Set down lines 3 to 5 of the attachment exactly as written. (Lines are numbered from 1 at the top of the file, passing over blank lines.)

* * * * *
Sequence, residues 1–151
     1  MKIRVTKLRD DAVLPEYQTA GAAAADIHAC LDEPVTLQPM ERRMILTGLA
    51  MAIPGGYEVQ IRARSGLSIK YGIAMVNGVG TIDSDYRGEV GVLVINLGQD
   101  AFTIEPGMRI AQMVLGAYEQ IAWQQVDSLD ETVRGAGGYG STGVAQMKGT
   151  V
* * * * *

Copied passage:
    51  MAIPGGYEVQ IRARSGLSIK YGIAMVNGVG TIDSDYRGEV GVLVINLGQD
   101  AFTIEPGMRI AQMVLGAYEQ IAWQQVDSLD ETVRGAGGYG STGVAQMKGT
   151  V